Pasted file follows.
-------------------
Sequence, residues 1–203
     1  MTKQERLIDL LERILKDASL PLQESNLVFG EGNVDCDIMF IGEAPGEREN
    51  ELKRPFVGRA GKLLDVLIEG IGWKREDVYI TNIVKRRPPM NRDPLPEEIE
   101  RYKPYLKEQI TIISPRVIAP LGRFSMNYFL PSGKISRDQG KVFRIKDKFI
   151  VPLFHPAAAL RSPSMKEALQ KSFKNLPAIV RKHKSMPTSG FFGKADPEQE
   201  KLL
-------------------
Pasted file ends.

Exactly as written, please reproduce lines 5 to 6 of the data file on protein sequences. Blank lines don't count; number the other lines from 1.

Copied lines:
   151  VPLFHPAAAL RSPSMKEALQ KSFKNLPAIV RKHKSMPTSG FFGKADPEQE
   201  KLL